The hidden years in Canada 60, the oldtimer

Door San-Daniel gepubliceerd op Monday 15 June 07:51


The oldtimer

‘I can not wait until it starts,’ said Richard, ‘and I,’ said an old man next to him, ‘can not wait until it's over.’ What do you mean, I asked bending past Richard, to he old timer cowboy sitting next to him. ‘Oh,’ the man said, ‘I love horses, and I like the thundering of hooves it is pleasing to the ear. Just like the old days when the stampede really rolled across the prairie. ‘ He laughed and got a far away look in his eyes, looking at a distant past which he probably could only see. ‘You saw it happening,’ he said. ‘The horses raised their ears and put their nose in the wind and sniffed something in the air and as the first run started running the rest followed, they are herd animals. They run on the fear that they call upon themselves. You would then adjust a few men along the flanks to lead the group while preserving, otherwise your horse was sucked into the flow. That was the time before the cattle trains came. We were days in, days out in the saddle until darkness fell because horses are jittery animals and stand together in clusters at night.’

‘About how long ago are we speaking, sir,’ I asked the man? ‘I was 20,’ he said without haste and paused, ‘I was a drover, cow poke, between 1915 and 1920. We had nothing. Our boots and our hat, even the horse you got in loan if you did not have one from the ranch boss. ‘ I looked at him and saw his face parched, tawny as with fishermen is the case, when you are exposed to the weather, wind and rain and sun and eventually it takes it’s toll. I figured that the man was about 80 years old. Old cowboys are always difficult to estimate, but they can just as easily be 60 or 70 on the way to 80. They all age quickly in terms of old skin and then change no more. They all develop a bowlegged walk because of the years of horse riding and have a tranquility that radiates from them because of the alliance they’ve had with the great outdoors, to which they ave been exposed over a lifetime. It were always lonely old men, most never got married and they were all, almost petulant.


‘That must have been a special time for you,’ Bev joined in the conversation. The man lifted his hat a little, 'Hi ya Ma'm. ‘ This was not a bullshit Calgary stampede tourist, this man was real, he would would make Clint Eastwood fade away as a cowboy, the authenticity splashed from him. ‘It was a great time,’ he continued. ‘The cook put up camp and would make bean dishes, but not as they are made now. Real stews, each group  had a man who had become too old to ride, who cooked and made coffee and such ready. Our cook was named John, but because there were so many Johns, he had a nickname. John dung. ' ‘John dung,’ said Don surprised? ‘Yes, he did not smell very nice,’ and he raised his hat again briefly to Bev, ‘with apologies to the young lady.’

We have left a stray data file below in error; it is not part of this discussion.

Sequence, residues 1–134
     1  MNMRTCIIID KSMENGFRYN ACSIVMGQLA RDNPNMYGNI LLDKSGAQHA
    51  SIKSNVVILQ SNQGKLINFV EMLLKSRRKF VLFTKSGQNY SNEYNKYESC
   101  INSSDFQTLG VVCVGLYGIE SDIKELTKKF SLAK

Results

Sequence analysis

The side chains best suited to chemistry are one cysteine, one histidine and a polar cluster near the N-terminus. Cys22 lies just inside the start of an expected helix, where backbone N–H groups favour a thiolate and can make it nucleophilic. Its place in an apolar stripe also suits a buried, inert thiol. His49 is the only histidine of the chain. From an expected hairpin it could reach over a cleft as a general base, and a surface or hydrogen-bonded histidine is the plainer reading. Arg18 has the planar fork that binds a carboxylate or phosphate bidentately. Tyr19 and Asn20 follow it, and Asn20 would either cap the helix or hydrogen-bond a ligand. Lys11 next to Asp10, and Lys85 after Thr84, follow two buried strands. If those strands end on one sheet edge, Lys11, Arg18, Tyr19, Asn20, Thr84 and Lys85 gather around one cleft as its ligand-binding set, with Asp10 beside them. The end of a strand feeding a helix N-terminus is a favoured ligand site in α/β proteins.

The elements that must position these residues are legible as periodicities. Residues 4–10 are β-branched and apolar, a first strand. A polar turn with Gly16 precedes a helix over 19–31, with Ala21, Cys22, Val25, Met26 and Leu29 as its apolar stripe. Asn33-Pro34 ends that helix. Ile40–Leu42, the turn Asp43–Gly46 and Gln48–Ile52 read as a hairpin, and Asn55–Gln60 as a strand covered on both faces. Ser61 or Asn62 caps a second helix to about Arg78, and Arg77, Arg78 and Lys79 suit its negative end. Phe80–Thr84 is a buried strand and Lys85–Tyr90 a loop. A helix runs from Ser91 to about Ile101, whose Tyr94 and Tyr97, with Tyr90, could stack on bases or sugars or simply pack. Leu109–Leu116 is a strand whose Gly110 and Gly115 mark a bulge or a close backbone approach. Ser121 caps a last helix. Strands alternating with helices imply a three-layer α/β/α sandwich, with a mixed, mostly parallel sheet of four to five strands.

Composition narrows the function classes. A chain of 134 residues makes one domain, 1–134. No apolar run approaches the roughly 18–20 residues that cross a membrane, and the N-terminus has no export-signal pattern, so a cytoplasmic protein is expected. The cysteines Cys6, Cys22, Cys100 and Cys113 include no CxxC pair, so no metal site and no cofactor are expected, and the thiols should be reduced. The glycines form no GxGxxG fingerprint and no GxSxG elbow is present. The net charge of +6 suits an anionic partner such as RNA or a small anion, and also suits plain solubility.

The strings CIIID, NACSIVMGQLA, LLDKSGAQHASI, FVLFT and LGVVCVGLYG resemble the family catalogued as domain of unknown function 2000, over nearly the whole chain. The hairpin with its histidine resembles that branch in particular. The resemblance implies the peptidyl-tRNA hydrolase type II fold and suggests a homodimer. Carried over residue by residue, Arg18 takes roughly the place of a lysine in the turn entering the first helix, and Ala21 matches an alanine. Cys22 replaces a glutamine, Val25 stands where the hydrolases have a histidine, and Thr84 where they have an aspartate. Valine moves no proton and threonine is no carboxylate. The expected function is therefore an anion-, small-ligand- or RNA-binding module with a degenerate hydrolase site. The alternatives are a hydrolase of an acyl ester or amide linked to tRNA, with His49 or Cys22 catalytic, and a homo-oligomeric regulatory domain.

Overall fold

‘Did you have a nickname,’ Bev asked, ‘You bet Ma'm, yes young lady. I was singing whippy. ‘ ‘How did you get by such a name,’ I asked. ‘Well,’ the man said, ‘I was handy with the whip and I often sang around the campfire and those were great times, then others  snag along or they made with their hands a blow hollow sound, like the clickety clack of hooves. Then you took some coffee and you talked about what the coming days would bring under the starry sky, and then it was always one that began to sing. You were days together and although there was all kinds of scum we all felt very connected. ‘ Rico and I understood what he meant, sharing his story coincided with our lives on the fringes of the construction industry.

‘Well, then you came into a town and the cows or the mustangs were held within the bead and then you went to freshen up at the village pump and then to the pub and then you had some trouble with the Indians.’ ‘Why,’ asked Bev? ‘So it was, it just happened,’ said the old timer, ‘they looked at you too long to lure you out or they thought you looked at them too long. Well then your friends went standing up and so would you. ‘It was amazing, I thought, how those two worlds met. Nothing much has changed in this land of prairie and cold weather for 80 years. ‘Well I would not have wanted to stand up,’ said Bev. No, neither did I, nor most of us, but it just happens. You get sucked into it. ‘ ‘Was the Queen's open then,’ I asked? ‘Where is that bar asked the old man?’ ‘Besides the old freight station,’ I said, ‘it's the only bar in the neighborhood.’ 'Ladies night and things like that, ‘the man asked with a wink ? Even then, I thought !! ‘Yes, there was a bar there, but it had another name, it was called the old well, or something like that.’ I got the picture, cowboys would have liked  a name like the old well  it had a good sound to it.


‘Do you still sing those songs sometimes,’ said Bev? ‘ No, ‘the old man said,’ Most guys are long dead. ‘ ‘Which did you like best?’ She asked? ‘Without a doubt, the song of the Navajo trail. Do you know that song 'and we all had to shake our head. ‘Today you have only shit on the radio,’ grumbled the old man, but it was beautiful, the Navajo trail '.. He looked ahead and searched the words ... When The Moon is starting to border ... I climb into my saddle and ride .. the Navajo trail and what do you know ... he looked helplessly around him .. oh yeah, it's morning already.. 'Shall I sing it, ‘he said suddenly , ‘then you must  make hoof noises and he cupped his hands and gave a mated rhythm.’ 'Okay, he said, ‘to the beginning, let the horses start coming' and we did it without shame. With an unsteady voice that grew stronger per line and that developed into a baritone we heard the story of the Navajo trail.

San Daniel 2015

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